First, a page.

Ashwagandha is a pretty damn impressive herb. It's adaptogenic properties enables it to have some really profound effects on the stress response. Read on...
At SuperFeast, we constantly hear from individuals suffering from a whole variety of issues. They call or email us with their day to day struggles - fatigue, exhaustion, adrenal burn out, low libido, slow metabolism and an overall loss of that joie de vivre. And our herb specialists often come to a consistent root cause, or at least, a significant contributing factor… stress.
We’ve spoken about how damaging stress is and how it relates to our HPA axis, you can check out that article here. But a quick recap:
The Damaging Effects of Stress
Stress is a daily occurrence and certain experiences require some stress for us to succeed and feel in control. The issues arise when there is chronic, low-grade stress, or acute stress that pops up often. In our Western lives, we downplay or are simply unaware of how every day situations are stressful to our bodies (e.g. an argument with our partner, weaving in and out of traffic, getting tantrum-ing kids ready for school, being near loud construction noises, monthly review meetings with impossible bosses… the list goes on). The scientific research continues to build that exposure to chronic stress results in a vulnerability to a several disorders.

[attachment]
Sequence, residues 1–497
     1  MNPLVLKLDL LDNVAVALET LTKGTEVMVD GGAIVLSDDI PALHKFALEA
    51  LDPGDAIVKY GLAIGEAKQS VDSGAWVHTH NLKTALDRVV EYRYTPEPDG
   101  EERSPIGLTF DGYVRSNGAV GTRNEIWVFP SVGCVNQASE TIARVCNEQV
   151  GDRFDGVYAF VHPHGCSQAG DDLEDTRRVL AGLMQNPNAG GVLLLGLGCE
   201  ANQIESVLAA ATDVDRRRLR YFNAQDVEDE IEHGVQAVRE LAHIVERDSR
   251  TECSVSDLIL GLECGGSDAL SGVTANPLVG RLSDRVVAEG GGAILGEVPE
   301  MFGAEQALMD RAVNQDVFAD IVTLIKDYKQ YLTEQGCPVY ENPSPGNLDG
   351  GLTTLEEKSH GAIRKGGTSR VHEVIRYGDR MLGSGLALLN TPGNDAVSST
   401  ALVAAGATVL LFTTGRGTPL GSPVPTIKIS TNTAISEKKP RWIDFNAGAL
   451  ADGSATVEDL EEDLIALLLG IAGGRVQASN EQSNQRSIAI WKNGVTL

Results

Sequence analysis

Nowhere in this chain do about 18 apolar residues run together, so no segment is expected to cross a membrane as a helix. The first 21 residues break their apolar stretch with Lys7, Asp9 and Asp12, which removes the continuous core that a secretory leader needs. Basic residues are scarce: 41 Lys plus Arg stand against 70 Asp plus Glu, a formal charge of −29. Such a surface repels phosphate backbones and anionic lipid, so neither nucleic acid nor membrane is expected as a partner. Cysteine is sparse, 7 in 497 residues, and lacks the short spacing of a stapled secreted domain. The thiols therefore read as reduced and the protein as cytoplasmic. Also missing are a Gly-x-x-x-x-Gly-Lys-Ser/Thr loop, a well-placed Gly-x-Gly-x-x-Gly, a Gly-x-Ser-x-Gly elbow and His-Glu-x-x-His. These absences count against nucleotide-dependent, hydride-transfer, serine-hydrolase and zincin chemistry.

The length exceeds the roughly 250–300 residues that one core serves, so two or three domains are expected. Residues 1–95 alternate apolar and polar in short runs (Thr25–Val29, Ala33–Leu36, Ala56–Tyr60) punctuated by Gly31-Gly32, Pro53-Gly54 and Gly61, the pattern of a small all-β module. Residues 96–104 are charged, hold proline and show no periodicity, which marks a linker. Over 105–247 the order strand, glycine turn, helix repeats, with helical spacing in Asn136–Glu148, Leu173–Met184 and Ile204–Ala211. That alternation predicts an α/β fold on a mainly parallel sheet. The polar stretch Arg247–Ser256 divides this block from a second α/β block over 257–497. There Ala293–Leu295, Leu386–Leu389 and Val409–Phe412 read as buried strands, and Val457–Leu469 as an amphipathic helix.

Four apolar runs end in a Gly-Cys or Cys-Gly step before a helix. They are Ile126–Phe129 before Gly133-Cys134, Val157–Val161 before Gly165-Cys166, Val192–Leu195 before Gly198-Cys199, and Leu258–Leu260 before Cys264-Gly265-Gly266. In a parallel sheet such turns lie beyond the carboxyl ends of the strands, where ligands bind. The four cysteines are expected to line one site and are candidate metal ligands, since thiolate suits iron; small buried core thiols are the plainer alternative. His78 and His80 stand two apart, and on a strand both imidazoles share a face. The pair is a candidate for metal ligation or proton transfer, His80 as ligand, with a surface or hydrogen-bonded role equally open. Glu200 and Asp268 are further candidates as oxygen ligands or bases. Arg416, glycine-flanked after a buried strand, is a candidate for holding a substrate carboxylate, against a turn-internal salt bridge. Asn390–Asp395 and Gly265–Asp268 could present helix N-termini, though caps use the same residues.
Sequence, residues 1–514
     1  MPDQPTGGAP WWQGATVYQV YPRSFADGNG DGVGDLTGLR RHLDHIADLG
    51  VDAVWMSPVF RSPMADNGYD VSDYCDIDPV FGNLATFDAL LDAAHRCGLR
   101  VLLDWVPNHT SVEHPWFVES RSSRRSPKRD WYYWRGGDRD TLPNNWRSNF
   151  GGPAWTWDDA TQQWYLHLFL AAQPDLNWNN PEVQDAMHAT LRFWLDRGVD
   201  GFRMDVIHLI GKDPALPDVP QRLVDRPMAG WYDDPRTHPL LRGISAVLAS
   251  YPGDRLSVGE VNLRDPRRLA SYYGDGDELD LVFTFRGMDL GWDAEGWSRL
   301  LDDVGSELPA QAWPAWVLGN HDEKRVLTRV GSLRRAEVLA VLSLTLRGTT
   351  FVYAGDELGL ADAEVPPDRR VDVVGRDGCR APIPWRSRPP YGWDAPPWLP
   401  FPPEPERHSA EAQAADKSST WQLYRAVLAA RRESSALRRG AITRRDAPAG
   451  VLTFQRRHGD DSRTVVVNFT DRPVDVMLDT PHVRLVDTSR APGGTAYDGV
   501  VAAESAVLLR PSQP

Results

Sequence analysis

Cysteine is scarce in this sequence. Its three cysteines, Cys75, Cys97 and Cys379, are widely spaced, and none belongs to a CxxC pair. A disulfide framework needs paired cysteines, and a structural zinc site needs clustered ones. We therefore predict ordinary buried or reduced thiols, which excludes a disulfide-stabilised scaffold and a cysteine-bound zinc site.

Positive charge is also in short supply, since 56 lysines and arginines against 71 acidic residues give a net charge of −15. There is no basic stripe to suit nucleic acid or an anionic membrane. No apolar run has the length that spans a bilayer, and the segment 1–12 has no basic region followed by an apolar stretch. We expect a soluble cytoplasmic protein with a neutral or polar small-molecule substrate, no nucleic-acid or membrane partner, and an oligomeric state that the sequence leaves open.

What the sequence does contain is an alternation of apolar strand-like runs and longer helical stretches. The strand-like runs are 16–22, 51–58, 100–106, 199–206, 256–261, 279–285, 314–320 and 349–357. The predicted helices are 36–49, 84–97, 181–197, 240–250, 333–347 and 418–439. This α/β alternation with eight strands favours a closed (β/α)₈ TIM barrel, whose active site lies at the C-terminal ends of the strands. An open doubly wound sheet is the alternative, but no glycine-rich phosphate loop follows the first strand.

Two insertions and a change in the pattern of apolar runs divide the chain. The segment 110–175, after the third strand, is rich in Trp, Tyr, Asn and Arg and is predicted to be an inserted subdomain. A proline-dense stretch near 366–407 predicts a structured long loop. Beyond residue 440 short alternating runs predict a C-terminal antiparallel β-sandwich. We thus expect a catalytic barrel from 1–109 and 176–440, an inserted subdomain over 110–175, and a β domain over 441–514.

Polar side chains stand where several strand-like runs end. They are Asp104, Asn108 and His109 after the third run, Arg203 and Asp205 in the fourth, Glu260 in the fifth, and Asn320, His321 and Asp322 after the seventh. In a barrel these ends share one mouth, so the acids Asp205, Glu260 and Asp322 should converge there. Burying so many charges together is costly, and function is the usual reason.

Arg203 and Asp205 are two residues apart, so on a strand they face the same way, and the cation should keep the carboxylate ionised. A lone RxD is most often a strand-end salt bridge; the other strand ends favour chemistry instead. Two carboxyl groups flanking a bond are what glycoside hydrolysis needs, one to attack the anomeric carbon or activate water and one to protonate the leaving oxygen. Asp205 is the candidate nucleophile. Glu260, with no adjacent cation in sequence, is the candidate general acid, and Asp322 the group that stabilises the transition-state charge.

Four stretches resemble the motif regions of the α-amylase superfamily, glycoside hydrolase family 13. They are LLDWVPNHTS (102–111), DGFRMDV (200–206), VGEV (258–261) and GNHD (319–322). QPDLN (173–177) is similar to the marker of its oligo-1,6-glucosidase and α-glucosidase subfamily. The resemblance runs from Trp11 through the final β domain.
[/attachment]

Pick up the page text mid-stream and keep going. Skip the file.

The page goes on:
Whatever the cause of stress, be it external or internal (how we react to life), an individual may experience anxiousness, feelings of pressure, trauma, tenseness and an overall feeling of being overextended (1). Research shows that prolonged stress leads to imbalances in the body, which can result in chronic states of cardiovascular and metabolic issues and high blood pressure (1).
We love this image, taken from Personal Stress Management
Along with personal practices, wholesome nutrition, good sleep hygiene habits, downtime with loved ones and movement practices, using tonic herbs and adaptogens can play a key role in lessening the nasty effects of stress. In particular, ashwagandha (also known as Withania somnifera) has shown to be extremely beneficial to improve an individual’s ability to cope with stress.Ashwagandha is a very well researched adaptogen with a high safety rating - and it's super effective! We can bring you up to speed on the 101 on our SuperFeast Ashwagandha here, why ours is so potent and all the other health benefits you can experience.
Merriam-Webster states, an adaptogen is: "a nontoxic substance and especially a plant extract that increases the body's ability to resist the damaging effects of stress and promote or restore normal physiological functioning" (5).
Ashwagandha possesses these exact properties.
Ashwagandha really is the herb for modern times
According to Singh et al. (2011), this adaptogenic herb, promotes healthy reproductive system functioning, endocrine system balance, supports a strong immune system and demonstrates neuroprotective characteristics (3). And above all, as an adaptogen, it works by increasing the body’s ability to adapt to stress.
Fresh SuperFeast Ashwagandha Plant
Ashwagandha and Stress